It is a type of hypertension which causes high blood pressure due to underlying medical conditions or certain medications. Secondary hypertension occurs more suddenly and causes higher blood pressure than primary hypertension. Various conditions and medications which may cause secondary hypertension include:

  • Thyroid disease
  • Diabetes
  • Kidney disease
  • Tumors of the adrenal gland
  • Obstructive sleep apnea (difficulty in breathing while sleeping)
  • Over-the-counter medications such as pain relievers, cold medications (decongestants), birth control pills and some prescription drugs.

Symptoms of hypertension

Most people do not experience any signs and symptoms even if they have high blood pressure. Only few people may present with headaches, dizziness, shortness of breath and nose bleeds, but these signs are non-specific and do not occur until hypertension has reached severe stage. Thus, the best method to know if you have high blood pressure is to regularly monitor your blood pressure.

Prevention and treatment of hypertension

Certain lifestyle changes can help in both prevention and treatment of hypertension. Sometimes, lifestyle changes alone may not be enough to control high blood pressure, and your doctor may recommend blood pressure lowering medication along with lifestyle changes.

Lifestyle changes

Eat a heart-healthy diet

Follow the DASH (Dietary Approaches to Stop Hypertension) diet which includes heart-healthy foods such as fruits, vegetables, whole grains, low-fat foods etc. As the DASH diet consists of fruits and vegetables which naturally have low levels of sodium, it makes it easier to consume less salt.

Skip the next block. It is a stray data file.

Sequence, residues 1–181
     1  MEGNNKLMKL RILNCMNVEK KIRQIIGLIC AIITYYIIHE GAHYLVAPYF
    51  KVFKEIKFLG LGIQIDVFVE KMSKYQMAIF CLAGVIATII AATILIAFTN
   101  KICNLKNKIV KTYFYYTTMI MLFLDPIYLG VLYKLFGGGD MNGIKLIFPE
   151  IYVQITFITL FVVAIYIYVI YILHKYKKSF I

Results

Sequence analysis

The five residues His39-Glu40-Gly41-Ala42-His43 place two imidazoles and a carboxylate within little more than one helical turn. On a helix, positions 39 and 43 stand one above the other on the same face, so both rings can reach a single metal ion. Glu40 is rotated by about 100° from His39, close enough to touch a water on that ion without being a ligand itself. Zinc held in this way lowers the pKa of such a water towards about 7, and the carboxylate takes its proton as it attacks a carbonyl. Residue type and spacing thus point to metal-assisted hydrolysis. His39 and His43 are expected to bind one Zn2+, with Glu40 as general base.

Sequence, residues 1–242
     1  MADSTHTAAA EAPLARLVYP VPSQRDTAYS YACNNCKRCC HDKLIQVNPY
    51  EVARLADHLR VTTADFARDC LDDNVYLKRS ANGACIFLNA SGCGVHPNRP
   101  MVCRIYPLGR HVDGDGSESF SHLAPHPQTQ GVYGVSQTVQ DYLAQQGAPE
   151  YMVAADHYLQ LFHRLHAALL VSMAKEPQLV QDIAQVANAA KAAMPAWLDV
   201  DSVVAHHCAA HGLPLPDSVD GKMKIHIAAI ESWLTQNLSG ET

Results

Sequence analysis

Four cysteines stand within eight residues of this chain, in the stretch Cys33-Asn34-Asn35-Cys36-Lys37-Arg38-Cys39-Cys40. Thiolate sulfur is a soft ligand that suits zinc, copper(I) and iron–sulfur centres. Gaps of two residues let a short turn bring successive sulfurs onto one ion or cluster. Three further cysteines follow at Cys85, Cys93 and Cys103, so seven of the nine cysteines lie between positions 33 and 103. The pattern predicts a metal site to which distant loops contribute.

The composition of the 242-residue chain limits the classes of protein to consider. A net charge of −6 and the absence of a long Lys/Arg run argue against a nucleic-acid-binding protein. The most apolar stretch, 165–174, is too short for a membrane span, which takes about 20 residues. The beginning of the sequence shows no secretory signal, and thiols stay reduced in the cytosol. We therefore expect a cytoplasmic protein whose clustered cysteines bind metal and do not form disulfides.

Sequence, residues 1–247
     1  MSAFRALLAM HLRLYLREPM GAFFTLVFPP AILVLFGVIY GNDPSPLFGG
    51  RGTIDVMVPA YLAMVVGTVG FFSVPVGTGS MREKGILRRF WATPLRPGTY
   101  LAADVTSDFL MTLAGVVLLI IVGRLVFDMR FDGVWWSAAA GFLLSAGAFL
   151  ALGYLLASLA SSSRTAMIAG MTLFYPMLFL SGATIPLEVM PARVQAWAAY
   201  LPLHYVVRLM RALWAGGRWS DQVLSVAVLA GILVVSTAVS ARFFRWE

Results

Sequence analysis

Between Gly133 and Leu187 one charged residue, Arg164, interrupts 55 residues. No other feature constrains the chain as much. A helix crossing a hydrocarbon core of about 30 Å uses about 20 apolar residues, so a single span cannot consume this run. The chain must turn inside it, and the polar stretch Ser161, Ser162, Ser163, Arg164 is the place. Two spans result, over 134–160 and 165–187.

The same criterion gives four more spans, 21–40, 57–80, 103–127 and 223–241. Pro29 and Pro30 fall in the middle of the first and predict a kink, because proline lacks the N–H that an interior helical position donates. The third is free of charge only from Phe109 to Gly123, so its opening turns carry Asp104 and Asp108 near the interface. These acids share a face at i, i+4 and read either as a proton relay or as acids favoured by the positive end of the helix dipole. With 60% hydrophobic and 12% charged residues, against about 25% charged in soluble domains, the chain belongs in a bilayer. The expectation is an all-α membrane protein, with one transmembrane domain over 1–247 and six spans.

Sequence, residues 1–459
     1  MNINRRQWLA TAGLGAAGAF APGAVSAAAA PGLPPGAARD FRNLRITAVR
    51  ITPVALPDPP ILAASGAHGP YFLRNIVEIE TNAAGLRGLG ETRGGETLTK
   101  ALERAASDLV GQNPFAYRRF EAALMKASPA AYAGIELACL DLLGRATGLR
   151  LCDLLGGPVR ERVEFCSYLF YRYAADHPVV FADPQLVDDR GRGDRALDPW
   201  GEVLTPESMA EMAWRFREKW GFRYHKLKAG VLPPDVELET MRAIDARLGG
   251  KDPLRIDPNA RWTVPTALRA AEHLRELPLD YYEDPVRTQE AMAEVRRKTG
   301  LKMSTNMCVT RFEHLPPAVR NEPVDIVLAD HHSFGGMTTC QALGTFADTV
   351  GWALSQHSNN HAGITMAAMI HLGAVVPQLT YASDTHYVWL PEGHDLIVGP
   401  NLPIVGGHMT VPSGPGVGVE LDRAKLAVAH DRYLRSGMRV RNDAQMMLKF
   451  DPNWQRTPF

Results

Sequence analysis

Stay physically active

Ensure that you get regular physical activity in any form, and make it a part of your daily routine. Even simple activities like walking or jogging can help to lower your blood pressure.

Maintain healthy weight

Follow appropriate dietary measures and regularly exercise to cut down on your extra calories or lose the extra calories, to maintain healthy weight.

Cut down salt intake

It is recommended to have less than 1500mg of salt (sodium) per day in your diet, which is equal to about one teaspoon.

Avoid high alcohol consumption and smoking

Avoid heavy alcohol consumption and drink alcohol in moderation, not more than one drink a day for women, and two drinks a day for men. If you are smoker, it is recommended to quit smoking, to reduce blood pressure.

Medications

There are various types of medications for treating high blood pressure. Based on your overall health and blood pressure readings, your doctor will prescribe you with appropriate medication. Sometimes, a combination of two or more pressure drugs is prescribed for better blood pressure control.

It is important to speak to your doctor about the ideal blood pressure goals based on your specific condition, make appropriate lifestyle changes and take your medication as prescribed, to avoid future complications.

Our Cardiac Science department provides hypertension treatment and care. Read more

Dr Gobu P
MD. (Gen. Med), DM (Cardiology), FIMSA, FESC
Senior Consultant & Interventional Cardiologist -
Institute of Cardiac Sciences